The lives of many punks from the late 70s and 80s have been rendered in text in recent years with varying results, I have in the past particularly enjoyed John Lydon’s first autobiography, but none I have read thus far have quite left me with the same feeling as this one.
Attila The Stockbroker, aka John Baine, has been something of a punk journeyman, starting out as a bass player before taking on mandolin, mandola (specifically one called Nelson), fiddle, medieval recorders and it seems anything else that comes his way. But it was his brand of ‘ranting’ performance poetry that made his name.
As well as the stories of gigs and tours, from Harlow in Essex to New Zealand, Canada and pretty much all over Europe, what really stands out in Attila’s story is how everything is related to his strong political beliefs and how these associate with his work.
From the start its clear (even if you didn’t know before, though chances are if you’re reading Arguments Yard you do) that Attila’s politics are, to say the least, to the left of things – I won’t go into detail as I know I’ll just get the specifics wrong. This informed a lot of the choices of gigs and tours he made and leads to us getting a very interesting insight into a side of the world in the 1980s the mainstream media tends not to discuss very much.
Particularly fascinating in this are the chapters on his tours of East Germany (and other Eastern Bloc countries), which paint a far more balanced picture than I’d ever heard. Certainly it wasn’t all wine and roses, and in some places things seem particularly bleak, but there is also a strong streak of free discussion and creativity evident – at least in East Germany.
What this serves to show, along with his discussion of his role in miners strike protests, is the level of truth Attila seems to imbue all his work with – again if you’re familiar with his oeuvre this won’t come as a surprise but its impressive to read none-the-less.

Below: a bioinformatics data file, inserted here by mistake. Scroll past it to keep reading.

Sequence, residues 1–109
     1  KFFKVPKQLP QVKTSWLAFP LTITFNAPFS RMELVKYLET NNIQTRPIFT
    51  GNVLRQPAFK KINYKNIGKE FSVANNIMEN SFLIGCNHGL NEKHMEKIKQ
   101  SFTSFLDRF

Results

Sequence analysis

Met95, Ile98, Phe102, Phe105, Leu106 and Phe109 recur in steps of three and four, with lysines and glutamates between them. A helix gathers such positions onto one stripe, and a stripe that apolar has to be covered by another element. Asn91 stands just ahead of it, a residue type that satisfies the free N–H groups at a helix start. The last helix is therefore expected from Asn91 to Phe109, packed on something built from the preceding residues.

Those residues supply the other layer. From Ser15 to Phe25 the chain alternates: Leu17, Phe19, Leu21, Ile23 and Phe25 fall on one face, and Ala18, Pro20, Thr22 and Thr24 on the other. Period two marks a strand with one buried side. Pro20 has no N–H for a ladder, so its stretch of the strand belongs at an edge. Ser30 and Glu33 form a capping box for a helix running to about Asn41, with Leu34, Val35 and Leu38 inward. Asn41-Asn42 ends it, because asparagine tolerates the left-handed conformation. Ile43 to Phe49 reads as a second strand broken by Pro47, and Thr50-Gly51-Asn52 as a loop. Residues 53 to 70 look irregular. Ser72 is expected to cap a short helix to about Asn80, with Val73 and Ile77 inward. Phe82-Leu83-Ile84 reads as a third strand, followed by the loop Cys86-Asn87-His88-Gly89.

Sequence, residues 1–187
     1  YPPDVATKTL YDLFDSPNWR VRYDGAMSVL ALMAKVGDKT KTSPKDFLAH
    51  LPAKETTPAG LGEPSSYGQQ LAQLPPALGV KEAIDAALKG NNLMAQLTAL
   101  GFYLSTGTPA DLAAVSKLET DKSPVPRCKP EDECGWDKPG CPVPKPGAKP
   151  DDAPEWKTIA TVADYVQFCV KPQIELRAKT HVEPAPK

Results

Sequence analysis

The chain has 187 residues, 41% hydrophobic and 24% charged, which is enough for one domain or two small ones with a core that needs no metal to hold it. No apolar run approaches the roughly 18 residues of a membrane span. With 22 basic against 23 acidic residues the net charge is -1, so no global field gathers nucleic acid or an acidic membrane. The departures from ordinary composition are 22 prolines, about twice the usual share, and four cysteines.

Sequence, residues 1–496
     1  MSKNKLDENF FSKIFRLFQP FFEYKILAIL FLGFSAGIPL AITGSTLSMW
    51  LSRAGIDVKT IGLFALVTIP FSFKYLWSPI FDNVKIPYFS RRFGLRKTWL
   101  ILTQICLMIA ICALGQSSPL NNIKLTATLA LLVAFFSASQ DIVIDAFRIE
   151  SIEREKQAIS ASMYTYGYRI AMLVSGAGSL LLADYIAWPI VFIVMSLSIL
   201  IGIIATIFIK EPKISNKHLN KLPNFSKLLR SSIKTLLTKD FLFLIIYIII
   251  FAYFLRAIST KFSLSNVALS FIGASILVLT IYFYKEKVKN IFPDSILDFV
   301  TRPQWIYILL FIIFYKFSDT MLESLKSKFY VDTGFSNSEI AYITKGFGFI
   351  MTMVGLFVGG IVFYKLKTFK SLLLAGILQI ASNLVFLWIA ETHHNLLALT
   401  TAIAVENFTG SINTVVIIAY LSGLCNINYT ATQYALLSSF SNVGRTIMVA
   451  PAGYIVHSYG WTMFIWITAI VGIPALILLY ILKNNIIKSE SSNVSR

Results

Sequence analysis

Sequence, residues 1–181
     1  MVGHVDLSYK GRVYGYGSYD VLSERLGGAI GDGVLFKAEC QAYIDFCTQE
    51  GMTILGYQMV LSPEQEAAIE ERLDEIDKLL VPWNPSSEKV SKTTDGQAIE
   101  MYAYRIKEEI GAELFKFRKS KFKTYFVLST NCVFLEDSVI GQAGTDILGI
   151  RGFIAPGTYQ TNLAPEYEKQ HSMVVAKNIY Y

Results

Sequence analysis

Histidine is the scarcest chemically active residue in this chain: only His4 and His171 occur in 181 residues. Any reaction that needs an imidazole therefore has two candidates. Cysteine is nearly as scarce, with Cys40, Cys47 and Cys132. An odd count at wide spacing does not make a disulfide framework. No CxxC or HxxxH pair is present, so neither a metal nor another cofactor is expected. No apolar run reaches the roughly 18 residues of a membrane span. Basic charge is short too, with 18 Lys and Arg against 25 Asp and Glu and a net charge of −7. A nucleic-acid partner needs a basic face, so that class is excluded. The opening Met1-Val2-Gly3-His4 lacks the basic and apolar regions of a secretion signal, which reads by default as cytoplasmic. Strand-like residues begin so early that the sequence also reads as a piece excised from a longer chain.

More fascinating stories are told of Attila’s formative years on the punk circuit delivering his left-wing message in the face of the National Front and the British Movement, far right organisations that had a worryingly large following in the early 1980s (and sadly seem to be raising their ugly, likely shaved, heads again today – boneheads though, not skinheads).
Much like the East German passages, these shed a new light (for me) on a period I’d only really ever heard one side of.
All these stories could be rather heavy going, but, in the deft words of Attila, they are engaging and absorbing throughout – even when he’s talking about football!
Having seen Attila perform a few times (and I’m proud to say having supported him once as my musical alter-ego) its clear he writes very much as he speaks. Throughout his voice came across, making it almost like having the audio book playing in your head, or Attila there telling you these stories first hand.
Dropped in at appropriate times across the book are some of Attila’s poems and the lyrics to some of his songs that help in telling the stories and setting the scene. Many of these are out of print elsewhere and are no longer performed making Arguments Yard the only place you can easily find them and again, through Attila’s writing style, they really leap off the page if his voice is kept in mind while reading.
The final third of the book deals with much more personal matters but again these are rendered in fascinating and truly open style, and still run through with a (mostly) more relaxed string of gigs and tours. This all culminates in Attila’s most personal and emotionally effecting work, in many ways his masterpiece, The Long Goodbye.
As a fan of Attila already, and sharing some (if not all) of his political ideals – I think it was Fat Mike from NoFX who said if you agree with everything someone else says it’s deeply suspicious – I very much enjoyed Arguments Yard, but I think for anyone with an interest in punk rock, performance poetry, and life in Britain and Europe in the last half century there is a lot to enjoy, all told through the unique, honest and powerful voice of a true ranter.